Free Jeremy Hammond

Jeremy Hammond Sentenced to 10 Years in Prison! Show Him He Still Has Our Support!
Jeremy Hammond is a 28-year-old political activist sentenced to 120  months in prison, with an additional 3 years probation upon his release, after pleading guilty to the Anonymous conspiracy to hack the private intelligence firm Strategic Forecasting (Stratfor). A longtime proponent of "hactivism," his actions are a form of electronic civil disobedience. He believes that "people have a right to know what governments and corporations are doing behind closed doors."

The Stratfor emails published by WikiLeaks reveal the intricate and troubling relationship between unregulated private corporations and government agencies involved in security and intelligence. The emails show how Stratfor employs a network of paid informants that includes government employees and journalists. Some examples of the continuing revelations from the thousands of hacked emails show, that Stratfor was hired by: Dow Chemical to spy on people seeking redress for the victims of the Bhopal environmental disaster; the Texas Department of Public Safety to infiltrate the activist community of Occupy Austin, and by Coca Cola to gather intelligence on People for the Ethical Treatment of Animals (PETA).

The case against Hammond and his international co-defendants is based upon the FBI 's use of an informant, Hector Monsegur ("Sabu"), who under FBI direction infiltrated Anonymous. So complete was its control that agents, at times, assumed the hacker's identity. The FBI supplied the server to hold the hacked data and proposed and facilitated the hacking of hundreds of targets of its own choosing.

Sabu's cooperation led to numerous arrests of hactivists worldwide, many who have since pleaded guilty and have been sentenced. Jeremy's co-defendants from England and Ireland have received sentences ranging from Probation to 30 months and are not likely to be extradited to the U.S. Several have publicly renounced their actions and given lengthy statements to the authorities.

Originally facing a sentence totaling more than 35 years and additional indictments in 12 other federal jurisdictions, Jeremy pled to a single count of conspiracy under the draconian Computer Fraud and Abuse Act (CFAA). He faces a maximum of ten years.

The government celebrates the conviction of political hackers as a victory, citing "national security" in order to justify the expansion of computer crime laws and expending billions of dollars on classified cyber security operations. But, today as a result of Edward Snowden's revelations, public opinion is turning against the NSA's warrantless surveillance and offensive cyber war and the politically motivated prosecution of whistleblowers.

Jeremy deserves our support for his efforts to expose injustice and create a more transparent, democratic and egalitarian society.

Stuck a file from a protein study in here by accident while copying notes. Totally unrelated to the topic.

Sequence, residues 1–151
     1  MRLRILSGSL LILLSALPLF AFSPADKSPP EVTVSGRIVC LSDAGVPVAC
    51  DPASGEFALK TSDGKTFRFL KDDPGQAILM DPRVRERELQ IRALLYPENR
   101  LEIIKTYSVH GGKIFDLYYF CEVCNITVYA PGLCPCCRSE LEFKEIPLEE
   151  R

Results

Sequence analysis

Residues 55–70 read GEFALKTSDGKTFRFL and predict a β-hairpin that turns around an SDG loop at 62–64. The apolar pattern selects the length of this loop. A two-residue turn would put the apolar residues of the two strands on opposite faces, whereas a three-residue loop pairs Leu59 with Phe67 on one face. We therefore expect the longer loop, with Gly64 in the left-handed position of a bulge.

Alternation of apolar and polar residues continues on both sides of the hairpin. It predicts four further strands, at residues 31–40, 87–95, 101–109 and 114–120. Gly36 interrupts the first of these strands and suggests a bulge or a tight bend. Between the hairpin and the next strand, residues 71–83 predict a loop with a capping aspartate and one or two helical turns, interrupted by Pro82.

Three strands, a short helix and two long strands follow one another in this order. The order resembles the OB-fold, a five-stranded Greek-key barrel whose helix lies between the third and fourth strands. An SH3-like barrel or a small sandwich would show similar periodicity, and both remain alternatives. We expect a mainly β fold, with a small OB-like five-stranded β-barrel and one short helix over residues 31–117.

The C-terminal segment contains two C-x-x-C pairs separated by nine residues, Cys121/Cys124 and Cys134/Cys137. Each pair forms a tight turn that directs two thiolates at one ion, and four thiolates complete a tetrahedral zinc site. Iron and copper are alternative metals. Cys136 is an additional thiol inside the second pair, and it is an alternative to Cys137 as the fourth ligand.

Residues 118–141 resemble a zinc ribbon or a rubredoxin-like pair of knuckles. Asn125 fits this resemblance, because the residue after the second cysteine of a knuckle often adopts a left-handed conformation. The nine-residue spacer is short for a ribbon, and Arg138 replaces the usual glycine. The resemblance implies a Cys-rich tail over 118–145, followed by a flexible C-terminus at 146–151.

Jeremy's sentencing is to occur on November 15, 2013 in the Southern District of New York. If you would like to write a letter of support to the judge on his behalf, please visit to download instructions on how to do so.



About CFAA

The Computer Fraud and Abuse Act (CFAA) is a law intended to address federal computer-related offenses. It is an antiquated piece of legislation written before the creation of the Internet which provides extreme penalties for online crimes in stark contrast to offline crimes.

The CFAA was written in 1984, before there was a world wide web, but it now functions as the go-to criminal law for the internet, offering tremendous  leeway to prosecutors because it is so vague that virtually everyone has violated it. The most recent high-profile CFAA case involved the activist Aaron Swartz, who was threatened with a 35-year sentence for downloading (though not distributing) freely available academic journals. Swartz ended up taking his own life. In another case, Andrew Auernheimer (a.k.a. Weev) was recently convicted and sentenced to three and a half years in prison for pointing out to a journalist a security flaw on an AT&T's server containing iPad user data.

The CFAA is a very blunt legal instrument. Rather than punish based on intent and actual harm, the CFAA allows prosecutors to charge individuals with crimes punishable by decades in prison for online activity that many would consider to be stunts. It is almost unique in criminal law because of the amount of power it gives to corporations to both define what constitutes the crime?through terms of service agreements?and, by coming up with an amount of claimed damages, what the sentence should be. Under the CFAA, damages can include proposed remedial security measures. The effect in this case is that Stratfor is claiming massive damages despite the fact that they stored customer information on unprotected, unencrypted databases that were easily accessed.

A movement to reform the CFAA is under way. It have only gained momentum with the death of activist Aaron Swartz in early 2013. To learn more and get involved, check out the Aaron's Law campaign.

At the same time, lawmakers have introduced reforms that would make the CFAA even more restrictive with even more severe penalties. Activists and everyday internet users are pushing back against the proposed reforms. Click here to join in saying "No!" to a harsher CFAA.


Legal documents:

On November 15, 2013, activist Jeremy Hammond was sentenced to 120  months in prison, with an additional 3 years probation upon his release.

This page serves as a compilation for everything relating to Jeremy's sentencing, including official court transcripts, press and media.

If you have anything to add, please feel free to e-mail